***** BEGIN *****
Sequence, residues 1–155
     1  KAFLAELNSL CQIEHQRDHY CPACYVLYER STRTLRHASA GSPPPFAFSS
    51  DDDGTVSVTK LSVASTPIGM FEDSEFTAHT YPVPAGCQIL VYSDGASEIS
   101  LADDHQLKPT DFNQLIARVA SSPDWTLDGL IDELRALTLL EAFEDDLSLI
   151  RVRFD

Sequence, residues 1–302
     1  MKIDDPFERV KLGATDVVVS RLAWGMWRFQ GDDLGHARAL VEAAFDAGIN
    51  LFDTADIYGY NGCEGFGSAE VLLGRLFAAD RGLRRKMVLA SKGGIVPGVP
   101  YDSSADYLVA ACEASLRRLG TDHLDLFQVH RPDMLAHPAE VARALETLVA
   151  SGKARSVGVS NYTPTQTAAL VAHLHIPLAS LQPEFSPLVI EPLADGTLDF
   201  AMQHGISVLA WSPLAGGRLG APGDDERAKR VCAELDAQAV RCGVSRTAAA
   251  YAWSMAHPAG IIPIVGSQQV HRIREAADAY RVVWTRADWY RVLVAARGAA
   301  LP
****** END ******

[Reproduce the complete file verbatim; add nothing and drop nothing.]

Sequence, residues 1–155
     1  KAFLAELNSL CQIEHQRDHY CPACYVLYER STRTLRHASA GSPPPFAFSS
    51  DDDGTVSVTK LSVASTPIGM FEDSEFTAHT YPVPAGCQIL VYSDGASEIS
   101  LADDHQLKPT DFNQLIARVA SSPDWTLDGL IDELRALTLL EAFEDDLSLI
   151  RVRFD

Sequence, residues 1–302
     1  MKIDDPFERV KLGATDVVVS RLAWGMWRFQ GDDLGHARAL VEAAFDAGIN
    51  LFDTADIYGY NGCEGFGSAE VLLGRLFAAD RGLRRKMVLA SKGGIVPGVP
   101  YDSSADYLVA ACEASLRRLG TDHLDLFQVH RPDMLAHPAE VARALETLVA
   151  SGKARSVGVS NYTPTQTAAL VAHLHIPLAS LQPEFSPLVI EPLADGTLDF
   201  AMQHGISVLA WSPLAGGRLG APGDDERAKR VCAELDAQAV RCGVSRTAAA
   251  YAWSMAHPAG IIPIVGSQQV HRIREAADAY RVVWTRADWY RVLVAARGAA
   301  LP